India believes the ensuing unrest in Jammu and Kashmir is fomented under the aegis of Pakistan’s support to separatists whom the Indian state and media call terrorists. Pakistan, on the other hand, deny such charges, insisting that allegations levelled by the Indian state lack evidence.
But no one is asking any critical questions on respective media systems that why is it that allegations by both states against each other have surfaced time and again? Why do state narrative(s) on separatist movement in Kashmir have never been debated on media platforms across the two countries? Why is it that in Pakistan we cannot talk on Balochistan? Why is that debate on Kashmir is considered unpatriotic in India? And, why is it that demanding evidence for “surgical strikes” in India is considered to be anti-Indian?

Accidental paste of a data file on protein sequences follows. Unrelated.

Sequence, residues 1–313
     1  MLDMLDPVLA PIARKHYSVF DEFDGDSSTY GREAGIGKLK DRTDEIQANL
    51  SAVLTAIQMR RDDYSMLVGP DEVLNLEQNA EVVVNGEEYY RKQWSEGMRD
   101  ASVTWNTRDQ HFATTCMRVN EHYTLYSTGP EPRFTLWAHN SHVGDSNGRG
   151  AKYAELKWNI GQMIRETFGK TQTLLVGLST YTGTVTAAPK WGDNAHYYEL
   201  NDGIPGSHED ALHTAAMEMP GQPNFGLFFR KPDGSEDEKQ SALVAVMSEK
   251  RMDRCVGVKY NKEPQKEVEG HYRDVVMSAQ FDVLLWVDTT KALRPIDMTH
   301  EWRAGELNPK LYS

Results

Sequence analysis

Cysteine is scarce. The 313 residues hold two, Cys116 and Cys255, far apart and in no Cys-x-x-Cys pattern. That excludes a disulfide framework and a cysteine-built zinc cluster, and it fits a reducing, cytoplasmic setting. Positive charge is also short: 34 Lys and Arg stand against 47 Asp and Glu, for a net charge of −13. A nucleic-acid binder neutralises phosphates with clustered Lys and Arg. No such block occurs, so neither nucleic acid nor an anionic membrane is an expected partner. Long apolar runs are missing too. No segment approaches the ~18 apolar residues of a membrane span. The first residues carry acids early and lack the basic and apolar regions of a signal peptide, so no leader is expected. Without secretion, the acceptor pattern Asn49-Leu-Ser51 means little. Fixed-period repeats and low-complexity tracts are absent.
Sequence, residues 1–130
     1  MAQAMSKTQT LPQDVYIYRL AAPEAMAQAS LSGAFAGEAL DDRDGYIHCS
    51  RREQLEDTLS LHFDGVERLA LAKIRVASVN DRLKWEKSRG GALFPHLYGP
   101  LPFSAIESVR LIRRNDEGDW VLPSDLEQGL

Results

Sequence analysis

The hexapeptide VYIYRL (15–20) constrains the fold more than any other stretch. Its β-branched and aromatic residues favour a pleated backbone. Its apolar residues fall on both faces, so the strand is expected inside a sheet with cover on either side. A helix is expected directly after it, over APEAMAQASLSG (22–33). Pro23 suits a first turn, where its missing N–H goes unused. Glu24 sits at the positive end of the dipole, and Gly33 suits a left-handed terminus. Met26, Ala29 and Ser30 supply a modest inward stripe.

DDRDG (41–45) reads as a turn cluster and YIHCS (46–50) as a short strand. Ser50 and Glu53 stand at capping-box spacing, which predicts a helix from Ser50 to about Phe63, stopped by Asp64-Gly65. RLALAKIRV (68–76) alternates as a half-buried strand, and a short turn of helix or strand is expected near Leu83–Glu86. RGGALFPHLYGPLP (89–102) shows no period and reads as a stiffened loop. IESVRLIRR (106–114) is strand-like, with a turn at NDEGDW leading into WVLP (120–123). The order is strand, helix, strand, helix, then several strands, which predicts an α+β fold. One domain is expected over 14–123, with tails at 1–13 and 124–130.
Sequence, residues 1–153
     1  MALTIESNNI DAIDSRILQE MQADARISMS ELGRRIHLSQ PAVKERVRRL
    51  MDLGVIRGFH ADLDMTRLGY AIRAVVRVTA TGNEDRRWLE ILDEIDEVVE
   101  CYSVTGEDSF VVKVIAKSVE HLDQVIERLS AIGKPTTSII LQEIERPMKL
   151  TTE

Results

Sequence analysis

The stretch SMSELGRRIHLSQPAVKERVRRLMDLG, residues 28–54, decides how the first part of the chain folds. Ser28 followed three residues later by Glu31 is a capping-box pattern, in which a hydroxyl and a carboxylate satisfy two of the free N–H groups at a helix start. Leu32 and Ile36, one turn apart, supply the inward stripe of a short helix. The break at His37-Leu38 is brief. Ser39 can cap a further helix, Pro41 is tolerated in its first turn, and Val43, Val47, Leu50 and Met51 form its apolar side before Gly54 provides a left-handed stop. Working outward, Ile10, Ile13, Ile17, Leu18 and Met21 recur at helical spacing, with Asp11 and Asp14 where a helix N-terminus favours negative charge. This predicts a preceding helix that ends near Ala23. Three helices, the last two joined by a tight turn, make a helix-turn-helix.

The state of India believes it has generated an effective counter-narrative on Balochistan to withstand Pakistan state’s narrative on Kashmir. The media institutions of India assert their state’s generated counter-narrative disgrace and isolate Pakistan internationally. While the remorseless government of Modi in India persists in its flagitious project against the uprising in Jammu and Kashmir; no one raise objection to Indian forces’ led atrocities in Jammu and Kashmir. Inquiring about state’s use of brutal force is of course anti-India and pro-Pakistan!